The Egyptians were experts in using water. Easy to level the base of the pyramids, just flood the whole area on a calm day, and mark the water level. Likewise, why drag/roll stones for miles when you can just build a canal and float them to the work site? With use temporary dykes and thousands of people to pump water up hill, you could practically float them into place and drop them. Of course, there would be no trace left of temporary systems put in place to move stones, be they canals or ramps, any more than there are traces of scaffolding around the great cathedrals.

I also find silly our clinging to the belief that there was absolutely no interaction between Egyptian and South American civilizations, despite growing evidence of "native" South American plants showing up in ancient Egypt. It seems like blatant Euro-centricism to assume that Europeans were the only ones capable of "discovering" new continents, especially since these continents were already inhabited by other peoples!

Re:Cool. (1)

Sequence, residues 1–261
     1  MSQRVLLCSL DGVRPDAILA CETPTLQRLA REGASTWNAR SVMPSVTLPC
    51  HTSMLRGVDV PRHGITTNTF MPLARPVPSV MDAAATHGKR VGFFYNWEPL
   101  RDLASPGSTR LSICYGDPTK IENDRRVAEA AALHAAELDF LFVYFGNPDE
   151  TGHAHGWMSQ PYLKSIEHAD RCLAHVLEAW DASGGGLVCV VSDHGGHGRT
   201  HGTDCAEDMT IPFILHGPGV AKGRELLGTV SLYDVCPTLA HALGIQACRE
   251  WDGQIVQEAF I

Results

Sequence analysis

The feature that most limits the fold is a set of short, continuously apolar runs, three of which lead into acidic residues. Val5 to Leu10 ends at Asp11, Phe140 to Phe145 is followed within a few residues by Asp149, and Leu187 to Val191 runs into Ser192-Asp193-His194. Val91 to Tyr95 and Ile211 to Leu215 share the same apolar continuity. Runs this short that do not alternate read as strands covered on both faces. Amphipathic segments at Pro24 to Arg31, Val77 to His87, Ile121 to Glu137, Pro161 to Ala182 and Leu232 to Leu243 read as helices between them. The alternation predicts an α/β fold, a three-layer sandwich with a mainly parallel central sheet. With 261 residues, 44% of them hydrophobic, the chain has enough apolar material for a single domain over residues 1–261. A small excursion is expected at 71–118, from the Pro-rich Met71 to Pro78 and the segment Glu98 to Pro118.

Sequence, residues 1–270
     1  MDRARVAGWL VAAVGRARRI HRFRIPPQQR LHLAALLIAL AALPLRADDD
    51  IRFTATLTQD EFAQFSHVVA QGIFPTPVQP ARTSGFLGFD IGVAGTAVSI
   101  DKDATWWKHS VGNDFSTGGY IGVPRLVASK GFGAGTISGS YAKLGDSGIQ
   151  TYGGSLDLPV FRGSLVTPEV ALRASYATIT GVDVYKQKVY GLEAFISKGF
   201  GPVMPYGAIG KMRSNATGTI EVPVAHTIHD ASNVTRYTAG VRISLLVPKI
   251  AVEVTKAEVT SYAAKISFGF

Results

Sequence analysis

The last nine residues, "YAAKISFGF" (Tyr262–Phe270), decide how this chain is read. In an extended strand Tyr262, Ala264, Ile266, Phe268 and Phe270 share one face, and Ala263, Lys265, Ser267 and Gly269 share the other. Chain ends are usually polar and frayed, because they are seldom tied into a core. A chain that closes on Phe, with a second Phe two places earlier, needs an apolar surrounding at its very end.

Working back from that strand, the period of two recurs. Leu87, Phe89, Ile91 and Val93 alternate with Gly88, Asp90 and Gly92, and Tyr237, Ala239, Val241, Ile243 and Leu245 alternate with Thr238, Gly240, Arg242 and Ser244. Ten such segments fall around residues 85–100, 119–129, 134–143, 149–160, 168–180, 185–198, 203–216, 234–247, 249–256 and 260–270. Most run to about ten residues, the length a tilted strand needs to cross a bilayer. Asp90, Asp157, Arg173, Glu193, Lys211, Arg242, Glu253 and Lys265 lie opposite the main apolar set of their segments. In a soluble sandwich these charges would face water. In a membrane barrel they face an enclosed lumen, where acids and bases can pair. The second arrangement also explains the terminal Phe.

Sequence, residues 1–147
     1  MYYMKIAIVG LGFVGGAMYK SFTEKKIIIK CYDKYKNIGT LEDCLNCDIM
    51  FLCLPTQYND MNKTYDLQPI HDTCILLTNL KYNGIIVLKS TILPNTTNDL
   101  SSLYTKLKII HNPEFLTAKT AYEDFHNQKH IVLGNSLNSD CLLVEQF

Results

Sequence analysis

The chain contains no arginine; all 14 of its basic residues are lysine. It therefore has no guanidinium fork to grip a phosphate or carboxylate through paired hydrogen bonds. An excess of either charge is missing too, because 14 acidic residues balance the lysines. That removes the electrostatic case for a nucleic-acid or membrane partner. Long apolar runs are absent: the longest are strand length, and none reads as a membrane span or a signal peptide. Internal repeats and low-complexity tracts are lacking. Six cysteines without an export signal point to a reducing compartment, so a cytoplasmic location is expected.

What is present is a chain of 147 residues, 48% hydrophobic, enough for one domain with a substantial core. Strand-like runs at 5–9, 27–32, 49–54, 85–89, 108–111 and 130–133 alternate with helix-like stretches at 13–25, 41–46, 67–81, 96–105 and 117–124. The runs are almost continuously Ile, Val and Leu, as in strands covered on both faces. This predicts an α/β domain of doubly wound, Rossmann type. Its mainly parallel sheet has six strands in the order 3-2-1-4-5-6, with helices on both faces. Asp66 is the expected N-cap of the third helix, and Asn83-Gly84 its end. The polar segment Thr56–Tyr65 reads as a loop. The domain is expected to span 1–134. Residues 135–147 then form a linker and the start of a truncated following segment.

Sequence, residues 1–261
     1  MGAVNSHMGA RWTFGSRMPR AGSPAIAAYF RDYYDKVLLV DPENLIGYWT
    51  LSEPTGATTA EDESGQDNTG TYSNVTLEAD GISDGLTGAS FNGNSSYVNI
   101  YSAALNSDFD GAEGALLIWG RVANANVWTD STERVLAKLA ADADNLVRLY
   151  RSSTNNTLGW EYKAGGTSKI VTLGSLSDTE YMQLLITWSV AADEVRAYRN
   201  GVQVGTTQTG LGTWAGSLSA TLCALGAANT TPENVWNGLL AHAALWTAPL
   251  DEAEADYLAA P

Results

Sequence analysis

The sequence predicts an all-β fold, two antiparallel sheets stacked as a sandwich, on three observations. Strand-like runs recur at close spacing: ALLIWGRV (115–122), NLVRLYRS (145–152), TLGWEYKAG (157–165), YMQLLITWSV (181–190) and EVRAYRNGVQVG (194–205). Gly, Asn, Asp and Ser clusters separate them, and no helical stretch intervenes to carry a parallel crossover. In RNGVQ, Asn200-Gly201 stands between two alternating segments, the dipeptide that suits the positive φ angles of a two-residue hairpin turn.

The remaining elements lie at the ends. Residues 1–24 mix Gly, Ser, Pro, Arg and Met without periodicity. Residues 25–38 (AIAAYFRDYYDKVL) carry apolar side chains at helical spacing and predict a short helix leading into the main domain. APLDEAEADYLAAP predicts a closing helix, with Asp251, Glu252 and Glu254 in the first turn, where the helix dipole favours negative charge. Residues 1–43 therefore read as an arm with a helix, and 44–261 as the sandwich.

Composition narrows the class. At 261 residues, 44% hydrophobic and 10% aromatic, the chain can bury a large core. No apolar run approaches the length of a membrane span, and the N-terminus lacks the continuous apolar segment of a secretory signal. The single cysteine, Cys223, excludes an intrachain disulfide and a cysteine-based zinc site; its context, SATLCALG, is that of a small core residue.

PopeRatzo (965947) | more than 4 years ago | (#32173718)

just flood the whole area on a calm day

Flood the entire plain of Giza to a hundred feet?

Come on.

Re:Cool. (1, Informative)

Anonymous Coward | more than 4 years ago | (#32174028)

Of course, there would be no trace left of temporary systems put in place to move stones, be they canals or ramps, any more than there are traces of scaffolding around the great cathedrals.

Uh, dude, there ARE traces of scaffolding around the great cathedrals. The post holes are easily found, and will still be there in ten thousand years except where other construction obliterates them.

Or were you just trolling?

Re:Cool. (2, Informative)

Monkeedude1212 (1560403) | more than 4 years ago | (#32174174)

Theres also evidence of Ramps around a few pyramids, (though not all, and none of the great ones of Giza I believe).

I think he might have been trolling a bit, their brick wasn't just sand and water, it was a carful mixture, including wheat. A lot of preparation went into preparing the stones, so that they were so strong, which is why they are still standing to this day. Also, the way everything is assembled brick by brick, you'd wonder why the base wouldn't be one giant piece, using his theory.

Re:Cool. (1)

drinkypoo (153816) | more than 4 years ago | (#32174270)

With use temporary dykes and thousands of people to pump water up hill,